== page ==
Written by Joseph Carrick
The small, often overlooked, nation of Belarus, known to history as “White Russia” appears to live up to its name in contemporary history. Even after leaving the Soviet Union they remained “the last dictatorship” due to the authoritarian post-Soviet government. Belarus has an uncomfortable history of violently suppressing protestors – more so than even the United States’ paramilitary force that is the police system. The political unrest that began in the capital city of Minsk has been labelled a crisis by both domestic and international journalists.
The protests are in response to 26 years of Prime Minister Lukashenko’s rule. The crackdowns initially were, and continue to be, harsh against the protestors. Lukashenko defends his rule, claiming that he has done nothing but bring Belarus into the modern age and if he were to go quietly, his supporters would be “massacred.” Why he does not allow elections if his rule is so benevolent to his subjects is a topic on which he notably remains silent. Belarus is also highly influenced by its neighbor Russia. Vladimir Putin is far from a freely elected politician, although he occasionally pretends to offer fair elections for Russians. Lukashenko and Putin have remained close over the years, and it is not entirely out of the question that Russian involvement may occur just as has happened in Ukraine.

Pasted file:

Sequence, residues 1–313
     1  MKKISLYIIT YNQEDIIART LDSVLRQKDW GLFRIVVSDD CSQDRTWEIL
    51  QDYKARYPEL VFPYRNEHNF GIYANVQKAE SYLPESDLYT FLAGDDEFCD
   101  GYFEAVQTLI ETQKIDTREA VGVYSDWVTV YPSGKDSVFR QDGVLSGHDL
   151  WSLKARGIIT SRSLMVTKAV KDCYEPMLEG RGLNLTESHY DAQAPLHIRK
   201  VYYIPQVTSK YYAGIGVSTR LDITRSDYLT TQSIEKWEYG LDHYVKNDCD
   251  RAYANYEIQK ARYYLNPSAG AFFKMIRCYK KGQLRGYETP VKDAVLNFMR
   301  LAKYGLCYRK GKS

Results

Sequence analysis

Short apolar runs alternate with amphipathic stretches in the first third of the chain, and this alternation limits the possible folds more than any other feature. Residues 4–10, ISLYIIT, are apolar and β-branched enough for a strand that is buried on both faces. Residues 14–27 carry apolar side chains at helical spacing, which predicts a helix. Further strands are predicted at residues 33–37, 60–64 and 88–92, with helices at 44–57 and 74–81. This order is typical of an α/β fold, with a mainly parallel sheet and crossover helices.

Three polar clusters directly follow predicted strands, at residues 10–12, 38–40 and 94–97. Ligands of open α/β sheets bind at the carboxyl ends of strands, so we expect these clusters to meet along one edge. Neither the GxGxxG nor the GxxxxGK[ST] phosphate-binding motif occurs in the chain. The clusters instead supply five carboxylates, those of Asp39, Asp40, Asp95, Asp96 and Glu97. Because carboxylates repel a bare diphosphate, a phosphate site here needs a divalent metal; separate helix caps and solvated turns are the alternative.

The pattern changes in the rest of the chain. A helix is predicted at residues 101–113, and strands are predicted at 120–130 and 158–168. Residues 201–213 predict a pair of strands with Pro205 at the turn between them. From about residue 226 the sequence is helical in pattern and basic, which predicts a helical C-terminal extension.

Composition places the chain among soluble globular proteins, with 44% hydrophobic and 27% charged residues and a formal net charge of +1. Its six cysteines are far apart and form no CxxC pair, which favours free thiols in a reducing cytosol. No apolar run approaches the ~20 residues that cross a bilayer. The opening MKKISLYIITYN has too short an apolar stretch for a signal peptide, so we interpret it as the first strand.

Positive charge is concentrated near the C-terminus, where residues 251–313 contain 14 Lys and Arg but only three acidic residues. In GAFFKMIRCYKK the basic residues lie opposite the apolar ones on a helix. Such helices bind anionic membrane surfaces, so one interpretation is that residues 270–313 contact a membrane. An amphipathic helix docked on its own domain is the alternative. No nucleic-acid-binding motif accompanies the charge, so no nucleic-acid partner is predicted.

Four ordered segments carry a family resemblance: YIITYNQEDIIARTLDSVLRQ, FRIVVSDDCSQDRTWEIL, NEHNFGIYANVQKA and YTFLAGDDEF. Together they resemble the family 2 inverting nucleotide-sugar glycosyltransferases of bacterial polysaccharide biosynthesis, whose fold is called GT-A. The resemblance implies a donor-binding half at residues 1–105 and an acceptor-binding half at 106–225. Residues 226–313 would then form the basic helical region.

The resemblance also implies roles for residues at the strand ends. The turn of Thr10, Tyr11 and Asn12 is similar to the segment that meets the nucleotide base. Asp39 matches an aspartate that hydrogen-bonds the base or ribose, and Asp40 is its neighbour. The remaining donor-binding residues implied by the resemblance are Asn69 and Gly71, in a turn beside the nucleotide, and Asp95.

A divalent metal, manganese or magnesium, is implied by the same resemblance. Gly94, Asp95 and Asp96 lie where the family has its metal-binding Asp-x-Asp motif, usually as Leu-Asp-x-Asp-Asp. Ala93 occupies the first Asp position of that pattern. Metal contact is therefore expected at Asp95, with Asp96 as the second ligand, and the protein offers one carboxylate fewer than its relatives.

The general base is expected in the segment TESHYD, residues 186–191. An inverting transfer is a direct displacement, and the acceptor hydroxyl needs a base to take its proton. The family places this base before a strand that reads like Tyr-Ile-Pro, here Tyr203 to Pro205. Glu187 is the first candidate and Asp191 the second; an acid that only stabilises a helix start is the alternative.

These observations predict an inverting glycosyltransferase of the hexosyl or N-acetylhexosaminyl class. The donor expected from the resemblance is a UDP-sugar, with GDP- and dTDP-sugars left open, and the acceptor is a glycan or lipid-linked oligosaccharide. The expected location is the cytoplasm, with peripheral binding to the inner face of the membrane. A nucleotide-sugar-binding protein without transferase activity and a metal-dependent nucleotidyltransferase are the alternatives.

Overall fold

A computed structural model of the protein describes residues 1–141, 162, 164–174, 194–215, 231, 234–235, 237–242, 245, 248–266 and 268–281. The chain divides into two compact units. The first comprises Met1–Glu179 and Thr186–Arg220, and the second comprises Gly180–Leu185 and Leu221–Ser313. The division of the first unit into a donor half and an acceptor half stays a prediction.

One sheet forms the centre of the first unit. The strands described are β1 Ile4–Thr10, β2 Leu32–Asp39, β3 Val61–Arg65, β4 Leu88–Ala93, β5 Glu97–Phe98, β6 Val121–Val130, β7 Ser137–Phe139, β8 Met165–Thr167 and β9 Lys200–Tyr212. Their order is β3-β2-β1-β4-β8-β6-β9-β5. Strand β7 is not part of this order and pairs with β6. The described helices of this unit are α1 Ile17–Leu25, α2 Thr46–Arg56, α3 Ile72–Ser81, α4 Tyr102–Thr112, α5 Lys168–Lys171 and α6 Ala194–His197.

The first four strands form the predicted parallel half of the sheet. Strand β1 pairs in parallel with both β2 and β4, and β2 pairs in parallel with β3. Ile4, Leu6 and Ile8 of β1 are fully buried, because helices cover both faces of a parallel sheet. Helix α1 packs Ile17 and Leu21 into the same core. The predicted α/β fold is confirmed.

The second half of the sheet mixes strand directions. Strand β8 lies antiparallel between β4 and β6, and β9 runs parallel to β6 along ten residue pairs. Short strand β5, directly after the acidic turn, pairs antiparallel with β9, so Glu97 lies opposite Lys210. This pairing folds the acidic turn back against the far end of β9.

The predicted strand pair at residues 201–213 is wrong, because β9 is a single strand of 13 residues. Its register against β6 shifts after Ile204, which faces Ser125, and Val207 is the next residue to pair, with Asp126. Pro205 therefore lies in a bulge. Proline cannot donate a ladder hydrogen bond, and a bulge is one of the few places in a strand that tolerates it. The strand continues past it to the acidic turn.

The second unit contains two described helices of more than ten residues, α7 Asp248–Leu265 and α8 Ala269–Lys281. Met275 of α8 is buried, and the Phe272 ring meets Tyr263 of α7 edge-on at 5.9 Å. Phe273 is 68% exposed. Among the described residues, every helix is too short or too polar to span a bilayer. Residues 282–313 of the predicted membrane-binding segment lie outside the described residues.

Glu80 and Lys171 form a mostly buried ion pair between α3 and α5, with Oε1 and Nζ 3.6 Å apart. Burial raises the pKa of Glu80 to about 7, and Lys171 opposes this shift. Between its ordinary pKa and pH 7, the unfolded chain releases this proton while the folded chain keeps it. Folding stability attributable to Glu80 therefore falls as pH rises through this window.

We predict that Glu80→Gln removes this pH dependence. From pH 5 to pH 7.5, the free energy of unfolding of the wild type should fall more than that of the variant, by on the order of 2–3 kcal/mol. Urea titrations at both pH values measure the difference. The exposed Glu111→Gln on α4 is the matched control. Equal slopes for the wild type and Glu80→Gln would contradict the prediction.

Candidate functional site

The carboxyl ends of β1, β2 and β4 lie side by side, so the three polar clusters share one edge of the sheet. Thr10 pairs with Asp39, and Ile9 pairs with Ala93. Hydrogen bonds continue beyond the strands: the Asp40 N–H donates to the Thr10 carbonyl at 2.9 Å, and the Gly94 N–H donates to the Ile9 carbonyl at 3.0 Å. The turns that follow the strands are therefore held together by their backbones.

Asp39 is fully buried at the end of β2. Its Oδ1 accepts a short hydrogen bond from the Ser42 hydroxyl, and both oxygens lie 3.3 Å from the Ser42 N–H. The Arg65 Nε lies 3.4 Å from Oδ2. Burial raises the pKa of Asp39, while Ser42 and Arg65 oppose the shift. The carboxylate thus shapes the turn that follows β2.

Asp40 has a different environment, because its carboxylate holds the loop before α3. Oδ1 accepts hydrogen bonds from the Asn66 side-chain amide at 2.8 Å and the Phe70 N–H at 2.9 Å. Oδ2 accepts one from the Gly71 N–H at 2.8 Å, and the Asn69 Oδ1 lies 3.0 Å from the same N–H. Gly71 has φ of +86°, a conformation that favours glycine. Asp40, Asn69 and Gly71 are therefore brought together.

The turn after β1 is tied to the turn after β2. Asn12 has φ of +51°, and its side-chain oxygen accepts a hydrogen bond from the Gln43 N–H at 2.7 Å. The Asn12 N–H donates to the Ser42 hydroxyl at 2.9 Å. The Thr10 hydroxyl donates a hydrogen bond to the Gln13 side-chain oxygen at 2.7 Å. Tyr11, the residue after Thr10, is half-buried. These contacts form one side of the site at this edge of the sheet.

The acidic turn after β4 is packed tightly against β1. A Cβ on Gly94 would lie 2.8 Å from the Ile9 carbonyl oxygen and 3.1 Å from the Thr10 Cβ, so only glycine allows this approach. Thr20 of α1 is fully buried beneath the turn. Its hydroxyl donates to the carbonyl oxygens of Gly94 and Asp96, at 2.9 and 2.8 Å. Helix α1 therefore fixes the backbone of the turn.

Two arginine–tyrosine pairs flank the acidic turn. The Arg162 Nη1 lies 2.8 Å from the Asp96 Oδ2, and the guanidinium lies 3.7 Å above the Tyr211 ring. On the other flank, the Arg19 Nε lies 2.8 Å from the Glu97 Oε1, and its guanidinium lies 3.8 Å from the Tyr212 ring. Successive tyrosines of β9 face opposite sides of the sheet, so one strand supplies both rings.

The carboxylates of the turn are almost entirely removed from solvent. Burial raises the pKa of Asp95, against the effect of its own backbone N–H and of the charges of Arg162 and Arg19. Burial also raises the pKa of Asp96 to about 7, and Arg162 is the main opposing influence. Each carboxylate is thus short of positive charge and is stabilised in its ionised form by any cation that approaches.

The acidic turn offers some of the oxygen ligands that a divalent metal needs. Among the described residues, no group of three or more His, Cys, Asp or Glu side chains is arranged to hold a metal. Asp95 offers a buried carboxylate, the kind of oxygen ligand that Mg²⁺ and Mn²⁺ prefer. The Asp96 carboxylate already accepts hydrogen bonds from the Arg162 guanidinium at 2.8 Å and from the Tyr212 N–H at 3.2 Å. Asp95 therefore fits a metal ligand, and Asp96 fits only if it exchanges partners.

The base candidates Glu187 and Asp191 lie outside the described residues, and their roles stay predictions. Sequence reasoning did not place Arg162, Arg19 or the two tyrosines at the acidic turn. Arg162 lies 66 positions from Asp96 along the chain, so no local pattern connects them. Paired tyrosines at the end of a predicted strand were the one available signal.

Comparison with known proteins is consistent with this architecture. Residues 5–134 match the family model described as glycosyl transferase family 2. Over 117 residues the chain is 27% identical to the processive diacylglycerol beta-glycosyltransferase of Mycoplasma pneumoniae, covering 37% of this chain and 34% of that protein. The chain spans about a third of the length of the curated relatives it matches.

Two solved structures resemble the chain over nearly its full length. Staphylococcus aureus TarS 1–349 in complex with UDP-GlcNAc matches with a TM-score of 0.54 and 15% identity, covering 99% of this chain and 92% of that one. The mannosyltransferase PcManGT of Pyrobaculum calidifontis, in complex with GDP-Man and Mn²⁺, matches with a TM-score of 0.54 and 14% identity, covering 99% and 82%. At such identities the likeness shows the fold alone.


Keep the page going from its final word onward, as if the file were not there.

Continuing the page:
In addition to the sudden upheaval, the Prime Minister seems only interested in stoking the flames. Maria Kolesnikova, the opposition leader and leading protestor activist is now detained at the Belarus-Ukraine border after being kidnapped in Minsk – something that even the state media has confirmed. Two other opposition figures have been detained in addition to Kolesnikova: Anton Ronenkov and Ivan Kravtsov, sending a clear message to the people of Belarus: the dictatorship will not go out without a fight.
The movement has several goals in addition to the resignation of Lukashenko, including the resignation of his entire government, new free and fair elections, release of all political prisoners, an end to police brutality, and a recount of previous presidential elections. As of September 9, it is believed that over 200 protestors have received some form of injury, at least 4 are dead, over 7000 have been arrested, and 50 are missing. The police forces have only claimed to receive 103 injured policemen.